When a consumer purchases a policy with extensive duration, such as a LTC or life insurance policy that be in effect for decades, they are in effect providing a loan to the company through their premiums. The company is incurring a liability for the future benefits that will likely be owed to the individual. Because many life insurance products are commoditized and excessively regulated, there is little the company can do to distinguish the product itself.

Instead, life insurance companies focus on their relative financial strength - that is, the likelihood that the company will actually have the cash to pay the benefits owed to the insured. This is why Warren Buffett puts such an emphasis on his multi-billion-dollar cash buffer at Berkshire Hathaway. While Genworth has never been a beacon of financial strength like BRK, the company's downgrades last year and its continued struggle with LTC has put the company at a competitive disadvantage to its peers and superiors in the industry.

Premium Increases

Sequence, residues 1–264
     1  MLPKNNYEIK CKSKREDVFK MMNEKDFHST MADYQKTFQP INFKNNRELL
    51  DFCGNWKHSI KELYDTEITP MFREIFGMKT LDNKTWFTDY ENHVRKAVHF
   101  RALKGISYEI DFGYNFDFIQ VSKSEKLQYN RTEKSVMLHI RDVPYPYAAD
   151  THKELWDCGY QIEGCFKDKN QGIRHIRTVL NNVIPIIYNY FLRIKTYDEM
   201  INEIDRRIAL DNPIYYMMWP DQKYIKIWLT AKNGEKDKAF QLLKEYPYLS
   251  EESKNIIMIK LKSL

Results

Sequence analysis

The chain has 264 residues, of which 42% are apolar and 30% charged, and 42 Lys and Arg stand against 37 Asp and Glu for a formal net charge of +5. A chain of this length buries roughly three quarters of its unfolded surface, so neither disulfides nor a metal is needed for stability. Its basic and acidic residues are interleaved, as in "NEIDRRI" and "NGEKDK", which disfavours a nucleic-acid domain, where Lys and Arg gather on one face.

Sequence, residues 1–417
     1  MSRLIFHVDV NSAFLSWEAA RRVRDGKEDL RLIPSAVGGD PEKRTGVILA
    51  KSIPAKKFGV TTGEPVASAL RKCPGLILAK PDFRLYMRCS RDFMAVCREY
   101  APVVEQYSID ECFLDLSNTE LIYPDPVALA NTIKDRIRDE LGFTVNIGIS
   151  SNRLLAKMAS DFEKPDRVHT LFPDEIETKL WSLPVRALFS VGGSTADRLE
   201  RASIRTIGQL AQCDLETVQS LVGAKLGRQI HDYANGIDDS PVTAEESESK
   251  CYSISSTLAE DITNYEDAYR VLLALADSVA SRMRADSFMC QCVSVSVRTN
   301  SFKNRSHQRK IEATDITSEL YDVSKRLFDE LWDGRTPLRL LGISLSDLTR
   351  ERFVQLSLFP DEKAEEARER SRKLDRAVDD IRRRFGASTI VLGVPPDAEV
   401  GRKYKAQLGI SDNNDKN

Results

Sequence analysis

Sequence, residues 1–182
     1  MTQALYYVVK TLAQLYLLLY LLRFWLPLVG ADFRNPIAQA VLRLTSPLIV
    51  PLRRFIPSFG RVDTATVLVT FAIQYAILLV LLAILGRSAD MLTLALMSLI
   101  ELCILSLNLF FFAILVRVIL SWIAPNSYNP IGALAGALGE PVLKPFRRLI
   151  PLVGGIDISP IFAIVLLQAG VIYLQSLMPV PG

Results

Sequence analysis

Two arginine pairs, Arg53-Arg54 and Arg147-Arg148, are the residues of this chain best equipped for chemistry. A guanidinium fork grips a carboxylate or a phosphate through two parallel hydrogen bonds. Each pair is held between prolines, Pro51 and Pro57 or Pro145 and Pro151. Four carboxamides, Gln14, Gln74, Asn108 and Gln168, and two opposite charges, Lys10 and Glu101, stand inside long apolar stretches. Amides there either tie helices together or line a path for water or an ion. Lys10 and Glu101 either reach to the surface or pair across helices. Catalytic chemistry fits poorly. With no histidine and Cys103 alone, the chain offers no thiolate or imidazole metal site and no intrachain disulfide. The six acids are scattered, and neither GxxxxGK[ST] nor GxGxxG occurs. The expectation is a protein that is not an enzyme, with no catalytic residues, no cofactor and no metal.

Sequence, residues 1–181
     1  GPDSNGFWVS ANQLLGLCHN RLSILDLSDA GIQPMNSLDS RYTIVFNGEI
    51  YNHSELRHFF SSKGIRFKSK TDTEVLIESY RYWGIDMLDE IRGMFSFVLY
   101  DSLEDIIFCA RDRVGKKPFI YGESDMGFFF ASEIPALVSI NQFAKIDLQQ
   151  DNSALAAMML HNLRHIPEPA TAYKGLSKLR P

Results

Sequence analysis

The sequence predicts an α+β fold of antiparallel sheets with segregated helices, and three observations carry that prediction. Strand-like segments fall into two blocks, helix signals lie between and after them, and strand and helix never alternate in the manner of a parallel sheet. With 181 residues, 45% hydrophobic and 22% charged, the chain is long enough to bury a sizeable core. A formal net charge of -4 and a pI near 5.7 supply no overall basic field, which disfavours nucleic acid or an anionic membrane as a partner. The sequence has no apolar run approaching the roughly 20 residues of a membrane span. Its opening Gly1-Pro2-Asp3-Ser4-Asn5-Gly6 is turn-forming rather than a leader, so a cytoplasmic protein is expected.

There are two ways the company is remediating reserves in LTC. The traditional way of correcting errors in reserves has been to increase reserves to match the better-weighted risk profile of the insured. Genworth has done that over the past two decades, including the $1.2 billion in reserve allocation last year. But that only addresses one side of the equation. In an effort to coax a better risk profile through the other half of the policy payout equation, the company began seeking approval for premium increases. The process for such approvals is arcane, with each state regulating in different ways and each state's market requiring different choreography from the company.

Nevertheless, in 2014, the company secured $200 million in annual premium increases from state regulators. Management has indicated an expectation for a further $70-130 million increase through 2017, an amount I think is reasonable and likely to move higher if any deterioration in the underlying risk models for LTC reserves materializes, for a net annual premium increase of $275-330 million on LTC policies, for a net present value of $5 billion, as calculated by the company. While an increase in revenues of $300 million per year would make some watching the stock's downward tilt scratch their head, it is important to realize that these premium increases don't take full effect until 2017.